On January 28th, the Federal Open Markets Committee (FOMC) made its latest statement on its stance on monetary policy going forward. The Fed is committed to keeping the federal funds rate between 0 and 0.25% until their employment and inflation objectives are met. Compared to its last statement, there are a few subtle changes that will play a large role in the Fed’s decision to raise short-term interest rates in the near future.
Inflation has declined further below the Committee’s longer-run objective, largely reflecting declines in energy prices.
The Fed’s target for unemployment is fairing much better than its target for inflation. The target range for unemployment the Fed sees consistent with 2% inflation in the long run is between 5.2% and 5.5%; the current jobless rate is very close at 5.6%. However, inflation is slowing. As you can see, even after excluding food and energy prices, prices still seem to be slowing. If unemployment continues to truck lower, it would support a rate hike, but low or falling inflation would say otherwise. Until inflation seems to be stable, I don’t see the Fed raising short-term rates, given some of the other threats affecting the US economy.
This assessment will take into account a wide range of information, including measures of labor market conditions, indicators of inflation pressures and inflation expectations, and readings on financial and international developments.
In determining whether to maintain its current course, the Fed has to consider international issues as well as domestic ones that could very well affect US growth. I believe the Fed is specifically talking about Europe in its statement. Because of slowing global growth, recent developments in Europe and the announcement of their new stimulus program, and a stronger US economy, capital has been flowing into the US and the dollar has appreciated against most foreign currencies. A stronger US dollar makes US goods more expensive to foreigners, which will probably decrease domestic exports in the near future. A stronger US dollar also makes foreign goods cheaper, which has the potential to put even more downward pressure on inflation. The possibility of slower growth and disinflation will puts the Fed in a situation where they need to keep rates lower.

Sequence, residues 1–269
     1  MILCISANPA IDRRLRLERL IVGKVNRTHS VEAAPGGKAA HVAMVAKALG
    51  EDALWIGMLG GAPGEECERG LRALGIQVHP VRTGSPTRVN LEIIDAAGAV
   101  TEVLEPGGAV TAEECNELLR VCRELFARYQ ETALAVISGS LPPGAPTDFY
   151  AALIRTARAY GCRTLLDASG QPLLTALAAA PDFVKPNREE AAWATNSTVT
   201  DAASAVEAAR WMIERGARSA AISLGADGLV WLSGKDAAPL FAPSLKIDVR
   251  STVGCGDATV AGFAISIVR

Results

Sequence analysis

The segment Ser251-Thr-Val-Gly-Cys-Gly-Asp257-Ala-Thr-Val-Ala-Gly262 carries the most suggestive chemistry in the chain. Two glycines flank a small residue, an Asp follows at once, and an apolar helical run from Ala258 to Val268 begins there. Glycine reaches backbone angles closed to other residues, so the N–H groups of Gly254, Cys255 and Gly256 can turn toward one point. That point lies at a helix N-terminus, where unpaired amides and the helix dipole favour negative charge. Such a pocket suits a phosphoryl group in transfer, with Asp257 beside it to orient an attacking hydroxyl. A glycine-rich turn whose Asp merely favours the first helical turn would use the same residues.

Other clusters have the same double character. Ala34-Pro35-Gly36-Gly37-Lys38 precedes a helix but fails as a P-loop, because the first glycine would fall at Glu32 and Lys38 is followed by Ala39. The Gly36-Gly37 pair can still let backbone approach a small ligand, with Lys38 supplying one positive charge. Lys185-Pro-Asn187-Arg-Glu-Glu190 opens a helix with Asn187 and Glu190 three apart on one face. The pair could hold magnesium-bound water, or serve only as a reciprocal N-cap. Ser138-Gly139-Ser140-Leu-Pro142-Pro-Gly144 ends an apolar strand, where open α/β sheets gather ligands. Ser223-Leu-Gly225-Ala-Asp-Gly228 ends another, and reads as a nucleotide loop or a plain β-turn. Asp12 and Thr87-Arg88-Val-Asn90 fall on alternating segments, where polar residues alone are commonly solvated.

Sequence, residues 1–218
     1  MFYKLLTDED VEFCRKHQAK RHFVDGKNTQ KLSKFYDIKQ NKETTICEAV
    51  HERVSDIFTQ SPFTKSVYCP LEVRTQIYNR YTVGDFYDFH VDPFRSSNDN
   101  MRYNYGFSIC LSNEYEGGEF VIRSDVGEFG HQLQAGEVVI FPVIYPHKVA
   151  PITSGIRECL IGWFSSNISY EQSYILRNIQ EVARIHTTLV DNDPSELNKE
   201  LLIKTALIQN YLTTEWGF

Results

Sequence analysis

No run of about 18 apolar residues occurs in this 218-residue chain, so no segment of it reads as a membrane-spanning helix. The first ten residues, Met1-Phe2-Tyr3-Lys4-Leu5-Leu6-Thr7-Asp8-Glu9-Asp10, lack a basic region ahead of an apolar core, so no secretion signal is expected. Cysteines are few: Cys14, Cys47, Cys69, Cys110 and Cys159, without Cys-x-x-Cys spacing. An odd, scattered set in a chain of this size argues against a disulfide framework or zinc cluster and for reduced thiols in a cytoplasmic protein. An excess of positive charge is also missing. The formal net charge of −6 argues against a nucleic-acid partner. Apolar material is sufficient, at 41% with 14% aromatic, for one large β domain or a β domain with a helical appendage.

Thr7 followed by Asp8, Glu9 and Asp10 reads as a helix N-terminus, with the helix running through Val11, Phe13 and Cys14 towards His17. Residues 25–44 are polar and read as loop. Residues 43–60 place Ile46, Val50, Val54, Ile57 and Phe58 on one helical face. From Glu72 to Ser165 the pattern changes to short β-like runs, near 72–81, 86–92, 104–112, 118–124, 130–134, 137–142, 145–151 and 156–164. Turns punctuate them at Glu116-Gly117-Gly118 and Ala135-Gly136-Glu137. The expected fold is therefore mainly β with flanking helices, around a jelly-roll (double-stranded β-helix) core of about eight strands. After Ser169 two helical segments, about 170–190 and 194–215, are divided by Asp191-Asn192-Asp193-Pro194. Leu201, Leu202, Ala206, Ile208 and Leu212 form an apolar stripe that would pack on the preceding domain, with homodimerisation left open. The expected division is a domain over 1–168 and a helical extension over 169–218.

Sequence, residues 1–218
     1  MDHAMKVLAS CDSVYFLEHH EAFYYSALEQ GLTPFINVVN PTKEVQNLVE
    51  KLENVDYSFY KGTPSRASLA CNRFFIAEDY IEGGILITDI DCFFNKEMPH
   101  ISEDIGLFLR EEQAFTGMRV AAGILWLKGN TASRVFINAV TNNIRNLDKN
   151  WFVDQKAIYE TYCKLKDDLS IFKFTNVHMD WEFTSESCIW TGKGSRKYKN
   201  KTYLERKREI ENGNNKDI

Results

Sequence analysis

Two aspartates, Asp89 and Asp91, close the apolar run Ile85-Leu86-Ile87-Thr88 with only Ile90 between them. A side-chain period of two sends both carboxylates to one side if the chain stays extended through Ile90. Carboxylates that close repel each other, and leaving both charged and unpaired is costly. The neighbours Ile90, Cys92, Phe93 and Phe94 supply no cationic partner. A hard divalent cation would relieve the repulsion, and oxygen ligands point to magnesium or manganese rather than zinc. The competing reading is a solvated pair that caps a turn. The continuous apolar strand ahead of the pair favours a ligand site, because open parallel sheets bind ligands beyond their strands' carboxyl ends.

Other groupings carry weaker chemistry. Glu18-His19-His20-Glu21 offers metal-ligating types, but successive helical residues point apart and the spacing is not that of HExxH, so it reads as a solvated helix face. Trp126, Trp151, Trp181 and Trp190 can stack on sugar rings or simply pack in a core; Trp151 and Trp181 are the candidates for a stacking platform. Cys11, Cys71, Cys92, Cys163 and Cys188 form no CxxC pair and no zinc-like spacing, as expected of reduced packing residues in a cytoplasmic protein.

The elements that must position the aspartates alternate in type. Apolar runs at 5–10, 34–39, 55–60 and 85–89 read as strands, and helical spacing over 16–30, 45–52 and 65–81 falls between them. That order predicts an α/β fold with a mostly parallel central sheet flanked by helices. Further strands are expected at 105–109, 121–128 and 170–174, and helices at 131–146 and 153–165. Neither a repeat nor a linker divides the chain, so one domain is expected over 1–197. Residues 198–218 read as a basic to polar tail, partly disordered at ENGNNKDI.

The Committee currently anticipates that, even after employment and inflation are near mandate-consistent levels, economic conditions may, for some time, warrant keeping the target federal funds rate below levels the Committee views as normal in the longer run.
The Fed’s statements are carefully curated so they have the flexibility to do what they believe is right for the economy at the right time. I believe the biggest mistake the Fed can make is raising interest rates too early. If they raise rates too early, economic growth will be hit at a time when we actually need lower rates and more stimulus. If the Fed waits longer, inflation could be a little higher than the long run 2% target, but the ensuing rate increase would help control inflation. The upside from putting off rate hikes greatly outweigh the downsides from raising rates too early, therefore, I suggest the Fed stay patient and continue its course until the latter part of 2015.